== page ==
Final reflections on Rwanda and Tanzania

We are now back on campus, back to our routines and the preoccupations of business school life. Career plans, recruitment, connecting with our fellow students, and everything that we want to get out and contribute during our second year at CBS. But over the last few days we also had time to reflect on the lessons we learned from our trip to Rwanda and Tanzania.

There were a few valuable business lessons. We saw how it can be challenging to operate in emerging markets (or even ‘frontier markets’, as sub Saharan African economies are often dubbed), as players like Zenufa or FabLabs showed us – production inputs are not as available as they would be in other markets, maybe their quality is not as reliable; financing is not as accessible as in countries with a longer history of venture capitalism and risk-taking; top talent is not always in strong supply. But when these challenges are overcome, success can be extremely rewarding – becoming a leader in a high-growth market and having tremendous impact on the lives of people. Businesses like Zipline have overcome some of these challenges and are literally saving people’s lives. Azam has become a powerful conglomerate catering to a booming consumer economy.

We also saw how it is possible to stick to your values and still operate a successful business. Azam is an example of this, with their commitment to running an ecological business and decision to not go into alcoholic beverages, even if this could be a very profitable move. They are preserving the values which are at the core of their group, and they are thriving.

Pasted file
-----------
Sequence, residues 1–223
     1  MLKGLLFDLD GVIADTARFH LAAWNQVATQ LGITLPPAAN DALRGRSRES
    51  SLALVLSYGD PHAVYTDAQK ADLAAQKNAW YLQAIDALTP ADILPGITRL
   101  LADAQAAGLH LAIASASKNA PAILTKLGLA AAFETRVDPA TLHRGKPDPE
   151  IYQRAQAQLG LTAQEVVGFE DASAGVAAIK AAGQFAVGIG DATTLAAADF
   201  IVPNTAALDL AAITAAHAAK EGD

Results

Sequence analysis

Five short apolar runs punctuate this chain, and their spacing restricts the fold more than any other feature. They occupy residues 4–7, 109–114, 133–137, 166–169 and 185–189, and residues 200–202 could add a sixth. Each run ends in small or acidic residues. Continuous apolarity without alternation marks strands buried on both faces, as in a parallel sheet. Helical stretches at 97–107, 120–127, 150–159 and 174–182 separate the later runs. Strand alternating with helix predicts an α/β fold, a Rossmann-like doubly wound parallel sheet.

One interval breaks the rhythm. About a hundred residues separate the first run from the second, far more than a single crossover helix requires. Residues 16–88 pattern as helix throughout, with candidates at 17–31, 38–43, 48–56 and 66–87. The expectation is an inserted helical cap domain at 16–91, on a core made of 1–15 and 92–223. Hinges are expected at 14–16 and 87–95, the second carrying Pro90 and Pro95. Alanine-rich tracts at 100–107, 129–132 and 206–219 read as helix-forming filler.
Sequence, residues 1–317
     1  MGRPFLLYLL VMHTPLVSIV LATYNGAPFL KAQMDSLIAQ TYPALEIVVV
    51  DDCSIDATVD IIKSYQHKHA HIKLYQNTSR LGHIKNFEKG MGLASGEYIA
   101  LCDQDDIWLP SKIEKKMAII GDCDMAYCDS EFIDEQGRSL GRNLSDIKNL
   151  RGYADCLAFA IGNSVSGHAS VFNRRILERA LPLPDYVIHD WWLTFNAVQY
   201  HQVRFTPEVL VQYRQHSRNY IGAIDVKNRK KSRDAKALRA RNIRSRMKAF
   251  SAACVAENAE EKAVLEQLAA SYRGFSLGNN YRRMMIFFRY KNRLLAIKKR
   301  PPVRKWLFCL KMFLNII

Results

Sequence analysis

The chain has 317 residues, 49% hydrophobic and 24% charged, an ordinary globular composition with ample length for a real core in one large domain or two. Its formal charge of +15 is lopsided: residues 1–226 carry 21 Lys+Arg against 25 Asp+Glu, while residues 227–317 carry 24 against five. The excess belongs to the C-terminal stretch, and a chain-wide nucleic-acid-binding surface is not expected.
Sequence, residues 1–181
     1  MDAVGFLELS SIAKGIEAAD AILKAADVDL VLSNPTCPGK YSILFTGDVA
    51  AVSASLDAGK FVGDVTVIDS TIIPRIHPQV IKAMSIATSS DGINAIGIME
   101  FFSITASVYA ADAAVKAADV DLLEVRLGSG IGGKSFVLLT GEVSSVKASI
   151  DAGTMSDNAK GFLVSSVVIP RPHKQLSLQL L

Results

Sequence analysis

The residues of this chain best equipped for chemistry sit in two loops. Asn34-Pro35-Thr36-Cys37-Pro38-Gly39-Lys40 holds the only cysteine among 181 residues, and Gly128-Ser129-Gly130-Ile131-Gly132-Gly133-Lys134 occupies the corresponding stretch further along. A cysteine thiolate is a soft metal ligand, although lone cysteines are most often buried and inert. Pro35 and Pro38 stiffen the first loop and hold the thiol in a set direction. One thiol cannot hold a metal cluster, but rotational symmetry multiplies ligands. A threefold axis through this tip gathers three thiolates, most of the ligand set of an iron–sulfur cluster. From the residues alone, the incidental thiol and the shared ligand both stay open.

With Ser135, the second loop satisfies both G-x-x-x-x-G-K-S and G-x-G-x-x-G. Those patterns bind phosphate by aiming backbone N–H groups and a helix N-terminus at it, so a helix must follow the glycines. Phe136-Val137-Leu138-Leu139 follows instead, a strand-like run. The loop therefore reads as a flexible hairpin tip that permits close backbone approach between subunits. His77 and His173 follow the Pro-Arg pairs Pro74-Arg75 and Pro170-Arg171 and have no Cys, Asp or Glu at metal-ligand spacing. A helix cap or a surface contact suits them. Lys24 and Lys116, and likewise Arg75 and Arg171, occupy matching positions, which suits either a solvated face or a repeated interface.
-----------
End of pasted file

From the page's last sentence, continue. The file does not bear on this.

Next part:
It was interesting to see how can being ‘local’ and culturally charged can be a source of distinctiveness – Mara Phones is betting precisely on this, with their phones branded as ‘by Africans for Africans’. It will be interesting to watch how their brand develops.

And finally, it was inspiring to meet entrepreneurs who believe in their visions in the long-run, and decide to not sell or give up control even when the opportunities are attractive. Nala and Nuya Essence are examples of just this: They could have sold or opened up their capital but decided not to in order to further build out their businesses, and they were rewarded.

We also learned some impactful cultural lessons. If on the one hand we saw how differences among people, even when they only exist in our minds (and is this not always the case?) can be devastating, we also saw how a society can recover and rebuild itself from the darkest and most devastating past, as Rwanda did after the genocide.

It is also possible for emerging economies to commit to protecting the environment, even if they are on a long road towards development, unlike some large emerging economies often claim. Tanzania is an example of this, with their ban on plastic bags and green businesses like Azam, as is Rwanda – the cleanliness of Kigali will attest.

As I hope this and the previous posts made clear, this was a trip that taught us a lot, in a lot of different aspects. I’m sure the people in our group will become more globally minded and conscious leaders because of it, and I hope this impact will be lasting. I’m excited to see how Rwanda, Tanzania and its businesses and people will continue to develop.

A night view of Kigali

Pedro Anjos is a 2020 MBA Candidate at Columbia Business School

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